OTHMAN, R., ... et al., 2015. Production of polymeric nanoparticles by micromixing in a co-flow microfluidic glass capillary device. Chemical Engineering Journal, 280, pp. 316 - 329
Synthetic polymeric biodegradable nanoparticles were produced by micromixing combined with nanoprecipitation in a co-flow glass capillary device consisted of coaxial assembly of glass capillaries, fabricated by aligning a tapered-end round capillary inside a square capillary with 1 mm internal dimension. Micromixing of water and organic phase (1 wt% polylactide or polycaprolactone dissolved in tetrahydrofuran) was modelled using a commercial software package Comsol Multiphysics™ and experimentally investigated using dynamic light scattering, Nanoparticle Tracking Analysis (NTA) and in situ microscopic observation. The organic phase was injected through a nozzle with a diameter of 60 μm at the organic-to-aqueous flow-rate ratios ranging from 1.5 to 10. The locations at which the nanoparticles would form were determined by using the solubility criteria of the polymer and the concentration profiles found by numerical modelling. The convective flux of the polymer in the radial direction was 2–3 orders of magnitude higher than the diffusive flux of the polymer; hence responsible for mixing the streams. The convective flux near the orifice was 3–4 orders of magnitudes higher than at the end of the computational domain. A maximum convective flux of 0.115 kg m−2 s−1 was found for polycaprolactone at the cloud point for the lowest flow rate ratio investigated. The numerical results were consistent with the experimental observations in terms of flow patterns and mean particle size. Narrower particle size distributions and smaller mean particle sizes were obtained at the higher aqueous-to-organic flow-rate ratios.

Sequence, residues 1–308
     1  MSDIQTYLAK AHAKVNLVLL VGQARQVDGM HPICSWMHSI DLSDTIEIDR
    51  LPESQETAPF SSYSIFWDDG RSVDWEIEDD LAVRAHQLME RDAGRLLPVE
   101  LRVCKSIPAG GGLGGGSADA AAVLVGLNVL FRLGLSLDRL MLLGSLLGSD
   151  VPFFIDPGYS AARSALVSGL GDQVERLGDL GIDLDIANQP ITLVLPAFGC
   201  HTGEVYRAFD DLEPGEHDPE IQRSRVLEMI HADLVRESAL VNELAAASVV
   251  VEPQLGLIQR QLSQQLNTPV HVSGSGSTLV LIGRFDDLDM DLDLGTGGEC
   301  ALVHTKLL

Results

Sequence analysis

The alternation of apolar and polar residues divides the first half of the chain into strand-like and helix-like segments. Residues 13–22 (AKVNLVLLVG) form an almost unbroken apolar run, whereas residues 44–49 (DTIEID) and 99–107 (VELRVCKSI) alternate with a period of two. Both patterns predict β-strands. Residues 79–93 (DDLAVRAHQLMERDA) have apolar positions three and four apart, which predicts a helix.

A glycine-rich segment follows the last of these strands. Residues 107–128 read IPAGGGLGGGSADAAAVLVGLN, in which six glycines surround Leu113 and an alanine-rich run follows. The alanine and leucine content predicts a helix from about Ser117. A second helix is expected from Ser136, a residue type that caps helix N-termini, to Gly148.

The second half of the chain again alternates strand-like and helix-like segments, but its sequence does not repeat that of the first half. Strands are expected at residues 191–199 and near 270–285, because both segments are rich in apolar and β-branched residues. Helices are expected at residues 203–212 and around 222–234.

This paper was accepted for publication in the journal Chemical Engineering Journal and the definitive published version is available at http://dx.doi.org/10.1016/j.cej.2015.05.083.
ZK Nagy would like to also acknowledge financial support provided by the European Research Council Grant No. [280106-CrySys]